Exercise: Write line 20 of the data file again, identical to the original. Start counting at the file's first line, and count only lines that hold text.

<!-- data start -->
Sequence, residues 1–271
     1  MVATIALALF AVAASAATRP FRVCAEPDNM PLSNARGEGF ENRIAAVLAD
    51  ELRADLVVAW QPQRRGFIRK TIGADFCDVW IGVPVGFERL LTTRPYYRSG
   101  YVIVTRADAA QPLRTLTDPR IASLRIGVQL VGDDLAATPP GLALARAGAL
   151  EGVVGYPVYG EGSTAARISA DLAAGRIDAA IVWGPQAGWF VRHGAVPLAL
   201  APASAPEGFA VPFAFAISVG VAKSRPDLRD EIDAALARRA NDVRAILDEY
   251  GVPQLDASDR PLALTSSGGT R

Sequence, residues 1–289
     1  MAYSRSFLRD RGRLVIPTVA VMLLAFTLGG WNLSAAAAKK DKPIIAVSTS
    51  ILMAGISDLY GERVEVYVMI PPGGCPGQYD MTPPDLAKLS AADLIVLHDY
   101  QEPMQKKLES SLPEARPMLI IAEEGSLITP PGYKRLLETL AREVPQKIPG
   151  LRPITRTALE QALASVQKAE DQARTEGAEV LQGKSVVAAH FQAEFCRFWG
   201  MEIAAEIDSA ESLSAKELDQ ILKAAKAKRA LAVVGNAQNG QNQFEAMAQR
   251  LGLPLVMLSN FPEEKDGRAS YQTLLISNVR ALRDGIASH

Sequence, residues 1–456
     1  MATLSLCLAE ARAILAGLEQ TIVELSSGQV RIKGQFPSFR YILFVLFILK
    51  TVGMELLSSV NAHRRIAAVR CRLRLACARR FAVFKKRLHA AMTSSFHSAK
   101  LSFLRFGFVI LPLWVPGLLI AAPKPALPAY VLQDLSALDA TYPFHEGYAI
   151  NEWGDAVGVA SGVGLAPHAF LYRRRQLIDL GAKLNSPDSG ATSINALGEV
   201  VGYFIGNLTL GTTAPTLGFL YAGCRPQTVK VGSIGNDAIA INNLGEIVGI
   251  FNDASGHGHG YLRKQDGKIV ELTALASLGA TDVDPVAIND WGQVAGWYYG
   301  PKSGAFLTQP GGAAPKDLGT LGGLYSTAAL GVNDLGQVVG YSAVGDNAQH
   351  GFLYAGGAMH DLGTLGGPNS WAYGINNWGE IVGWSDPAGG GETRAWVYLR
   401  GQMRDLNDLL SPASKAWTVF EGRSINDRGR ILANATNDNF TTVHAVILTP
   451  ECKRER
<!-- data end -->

   201  VGYFIGNLTL GTTAPTLGFL YAGCRPQTVK VGSIGNDAIA INNLGEIVGI